The late Michael "Mickey" Rooney
It is with great sadness that we mark the passing of a colourful and well-loved character of the area, Michael "Mickey" Rooney of St Bridget's Terrace, Bundoran, where he lived all his life.
Mickey was predeceased by his parents, Paddy, formerly of Ballyshannon, and his mother, Bridget McLaughlin of Manorhamilton; his brothers Tom, Jim and Joe. He is survived by seven nieces and nephews.
Mickey was born in April 1934, and his first job was as a child of around 10, as a visitor guide to the Catsby Caves near the Abbey Well, Ballyshannon.
When he was a little older, along with other local boys he was trained in weaving wool. A shed was built in the back yard, and a loom installed, where he spent many hours stretching to years being deafened by the noise, weaving Donegal tweed. His dad took care of the business side of things, and they were quite successful, selling to such customers as Magees of Donegal and even Harrods of London, together with individual customers.
Mickey had a huge sense of mischief and was not averse to telling mature American ladies at the height of the Troubles in the 1970s that they were in fact in Ulster.
Towards the very end of the '70s he got a job with the council overseeing cars attending the local 'dump', and soon after was asked to be a beach guard. At least one of his nieces used to delight in telling her friends that her uncle was a lifeguard who couldn't swim a stroke, but of course he did a great job of manning the phone, looking after equipment, doing rotas for the lifeguards, and of course shouting through the megaphone to warn bathers "man with the baldy head - keep to the middle."
He got on tremendously with the lifeguards, and this job opened up a whole new chapter of his life. He knew he was doing an important job and loved the camaraderie and the social life!
Unfortunately, he eventually developed melanoma for which he was successfully treated, but it ended his beach days. However, this led him to yet another chapter, fundraising for the Friends of St Luke's cancer charity, in particular funding rooms for local people to stay in when family members were having treatment in Dublin. He characteristically threw himself into this wholeheartedly, driving up and down the county and beyond, promoting and selling tickets for big events such as dinner dances which were always well-attended, and sometimes having such VIP guests as Jack Charlton. His lifeguard friends also helped, and there were other events such as the (for a time, annual) sponsored Bay swim, and sponsored bed push. Mickey, along with a number of other local people, raised a great deal for this worthy charity, and he was duly deservedly presented with an award at a special presentation.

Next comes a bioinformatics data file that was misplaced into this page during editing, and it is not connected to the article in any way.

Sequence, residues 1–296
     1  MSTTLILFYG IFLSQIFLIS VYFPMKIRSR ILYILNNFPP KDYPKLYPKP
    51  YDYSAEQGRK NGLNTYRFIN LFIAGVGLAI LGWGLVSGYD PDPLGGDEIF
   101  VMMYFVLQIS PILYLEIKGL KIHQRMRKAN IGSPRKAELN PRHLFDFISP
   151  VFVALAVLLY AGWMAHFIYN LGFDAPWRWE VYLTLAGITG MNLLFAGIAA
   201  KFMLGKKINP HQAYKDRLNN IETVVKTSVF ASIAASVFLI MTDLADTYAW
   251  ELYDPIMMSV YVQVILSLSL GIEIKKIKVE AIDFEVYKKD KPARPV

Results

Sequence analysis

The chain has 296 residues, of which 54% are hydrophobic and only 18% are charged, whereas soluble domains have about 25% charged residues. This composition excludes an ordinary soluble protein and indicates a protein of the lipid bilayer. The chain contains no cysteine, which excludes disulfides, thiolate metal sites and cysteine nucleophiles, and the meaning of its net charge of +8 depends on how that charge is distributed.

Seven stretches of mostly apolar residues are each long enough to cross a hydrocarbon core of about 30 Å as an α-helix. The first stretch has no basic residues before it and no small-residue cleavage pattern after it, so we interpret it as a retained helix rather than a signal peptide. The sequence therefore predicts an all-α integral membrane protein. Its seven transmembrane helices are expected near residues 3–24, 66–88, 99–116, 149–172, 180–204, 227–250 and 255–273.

Mickey enjoyed these years hugely, as he was welcomed into many homes and met and chatted to hundreds of people, and had a real sense of achievement for a cause close to his heart.
The family had over many previous years been involved in sport, his father was a hurler and footballer and his brothers all footballers. Mickey would talk sadly of "the curse of emigration" as local football teams saw their numbers dwindle to almost nothing, players having gone to England or further afield in search of work in the '50s.
He still loved to watch it though, and traveled to many a match. He even donated his loom to be burnt on one of the beacon bonfires in celebration of Donegal winning their first All-Ireland Final and bringing home the Sam Maguire Cup in 1992. Later years saw him more often watching the GAA on television, and he would give you short shrift if you interrupted his viewing!
He also made a number of trips to England to visit family, and even went in later years unexpectedly on a holiday with a local friend to America, returning with many stories, of course, and he had a gift for somehow searching out links to the area in almost everyone he met.
Later years also saw him walking out with his dog Lucky, always of course stopping for a laugh and a yarn with his numerous friends and neighbours, and also spending many happy hours with those same good friends and neighbours, often starting a heated discussion and then leaving them to finish it. He was extremely well looked after in his latter years.
Mickey had to stay in the Sheil Hospital, Ballyshannon in the last year or two due to ill health, and died peacefully 28th January after a short final illness. He was waked in his home in Bundoran, and his funeral was held in Bundoran, followed afterwards by burial at the Rock in Ballyshannon, all of which were very well-attended.
Mickey had some favourite sayings, but one of his favourite quotes was from the poem by Allingham, "Adieu to Ballyshanny". He would visit his brother who was in a home in England, and would greet him with "Adieu to Ballyshanny, where I was bred and born, Go where I may, I’ll think of you, as sure as night and morn;" and he would reply, "The kindly spot, the friendly town, where every one is known, And not a face in all the place but partly seems my own," and they would finish the verse together. He always had a huge fondness for Ballyshannon, but he was really a Bundoran man, and of course a Donegal man through and through, and the words could just as easily apply to Bundoran.
Mickey's friendship, cheerful nature, love of life and sense of fun will be sorely missed by his friends and family, but we were glad to have known him.